Friday, November 11, 2016

The Friday Five: Top 5 from WLS, Veterans’ Day 1961

I know, I did a survey post for Monday’s Music Moves Me. I’ve reached the point where I need to figure out what I’ve already done so I don’t repeat myself. If anyone knows how to get a post index out of WordPress, or if anyone has actually done it, please let me know. I’ll be eternally grateful.

Meanwhile, here’s what they were listening to 55 years ago today on WLS, “The Bright Sound” of Chicago (that’s what they were calling themselves in 1961). As always, surveys are courtesy of Oldiesloon.

#5: You’re The Reason – Bobby Edwards WLS had abandoned country music for rock & roll the year before, but country hits were still hitting the pop charts in the early Sixties. This is one of two country tunes in the Top Five this week.

#4: I Love How You Love Me – The Paris Sisters I didn’t realize that Bobby Vinton’s version of this was a cover. I like the Paris Sisters’ version better.

#3: Goodbye Cruel World – James Darren In addition to his acting, James had a pretty good voice, and had a couple of hits, specifically this one and “Her Royal Majesty.” We had a friend who broke up with his girlfriend and seriously considered entering the seminary, so we changed the words to “Goodbye cruel world, I’m off to join the priesthood…”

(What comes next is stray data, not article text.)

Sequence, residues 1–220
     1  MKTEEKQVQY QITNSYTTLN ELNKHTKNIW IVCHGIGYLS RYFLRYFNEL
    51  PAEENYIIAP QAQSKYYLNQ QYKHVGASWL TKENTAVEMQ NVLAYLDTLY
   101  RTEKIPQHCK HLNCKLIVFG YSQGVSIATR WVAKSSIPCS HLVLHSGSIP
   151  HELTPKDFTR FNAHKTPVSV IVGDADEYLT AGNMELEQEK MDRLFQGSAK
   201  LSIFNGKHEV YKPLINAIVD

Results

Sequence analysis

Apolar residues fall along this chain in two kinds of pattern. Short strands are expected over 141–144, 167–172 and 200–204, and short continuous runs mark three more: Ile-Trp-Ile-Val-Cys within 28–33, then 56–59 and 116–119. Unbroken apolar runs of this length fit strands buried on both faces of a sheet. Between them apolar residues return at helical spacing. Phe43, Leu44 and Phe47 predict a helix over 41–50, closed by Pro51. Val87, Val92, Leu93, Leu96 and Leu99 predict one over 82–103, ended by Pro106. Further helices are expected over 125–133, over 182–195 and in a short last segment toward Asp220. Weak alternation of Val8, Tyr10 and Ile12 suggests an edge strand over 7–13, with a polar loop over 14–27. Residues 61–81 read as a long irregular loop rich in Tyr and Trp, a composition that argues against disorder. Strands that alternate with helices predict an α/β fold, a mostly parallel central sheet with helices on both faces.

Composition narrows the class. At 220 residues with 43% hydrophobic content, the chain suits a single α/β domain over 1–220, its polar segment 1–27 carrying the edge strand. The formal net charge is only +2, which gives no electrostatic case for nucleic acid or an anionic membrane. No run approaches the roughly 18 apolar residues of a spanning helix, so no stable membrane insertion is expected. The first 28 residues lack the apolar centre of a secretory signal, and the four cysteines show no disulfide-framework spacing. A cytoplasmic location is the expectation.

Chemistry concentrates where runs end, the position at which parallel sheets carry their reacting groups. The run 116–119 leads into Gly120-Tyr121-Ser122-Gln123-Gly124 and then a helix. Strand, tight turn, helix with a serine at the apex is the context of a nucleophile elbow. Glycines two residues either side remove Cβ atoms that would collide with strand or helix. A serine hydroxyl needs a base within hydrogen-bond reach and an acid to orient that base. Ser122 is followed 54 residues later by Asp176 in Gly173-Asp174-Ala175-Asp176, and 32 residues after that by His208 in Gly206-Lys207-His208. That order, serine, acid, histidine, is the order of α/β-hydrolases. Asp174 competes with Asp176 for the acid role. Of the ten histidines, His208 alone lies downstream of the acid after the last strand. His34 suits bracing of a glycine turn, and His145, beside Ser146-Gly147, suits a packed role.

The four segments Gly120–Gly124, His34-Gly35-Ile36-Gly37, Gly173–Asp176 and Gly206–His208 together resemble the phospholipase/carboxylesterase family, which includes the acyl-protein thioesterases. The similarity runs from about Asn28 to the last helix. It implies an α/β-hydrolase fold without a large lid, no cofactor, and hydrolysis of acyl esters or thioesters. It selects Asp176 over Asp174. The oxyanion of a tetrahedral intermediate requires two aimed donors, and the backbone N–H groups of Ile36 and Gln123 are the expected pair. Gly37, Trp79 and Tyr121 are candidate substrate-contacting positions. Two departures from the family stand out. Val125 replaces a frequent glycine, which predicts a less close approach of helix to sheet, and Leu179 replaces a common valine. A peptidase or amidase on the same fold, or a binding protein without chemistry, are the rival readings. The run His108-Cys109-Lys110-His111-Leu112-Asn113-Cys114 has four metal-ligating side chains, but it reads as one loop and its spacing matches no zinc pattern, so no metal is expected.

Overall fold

#2: Big Bad John – Jimmy Dean The other country song in the Top Five. Jimmy’s better known for his sausage products these days. In fact, I had one of his breakfast sandwiches this morning. My mom used to sing this to me to give me grief. Listening to it now, I should have been flattered.

#1: Runaround Sue – Dion The only song on this week’s survey you’re guaranteed to hear at least once a day (and usually more often) on “oldies” stations. Great song anyway.

You know, the next time I do a survey post, I think I’ll start from the other end and present the bottom five songs. There are some real goodies there. Anyway, there’s your Friday Five for Veterans’ Day 2016. And, to you veterans, thank you. We gripe about elections and who gets elected and who doesn’t without giving much thought to the men and women who served in the Armed Forces to secure the right and the freedom to cast our ballots for the people who would govern us, sometimes paying the ultimate price. Remember them today.


Source: Wikimedia Commons



from The Sound of One Hand Typing

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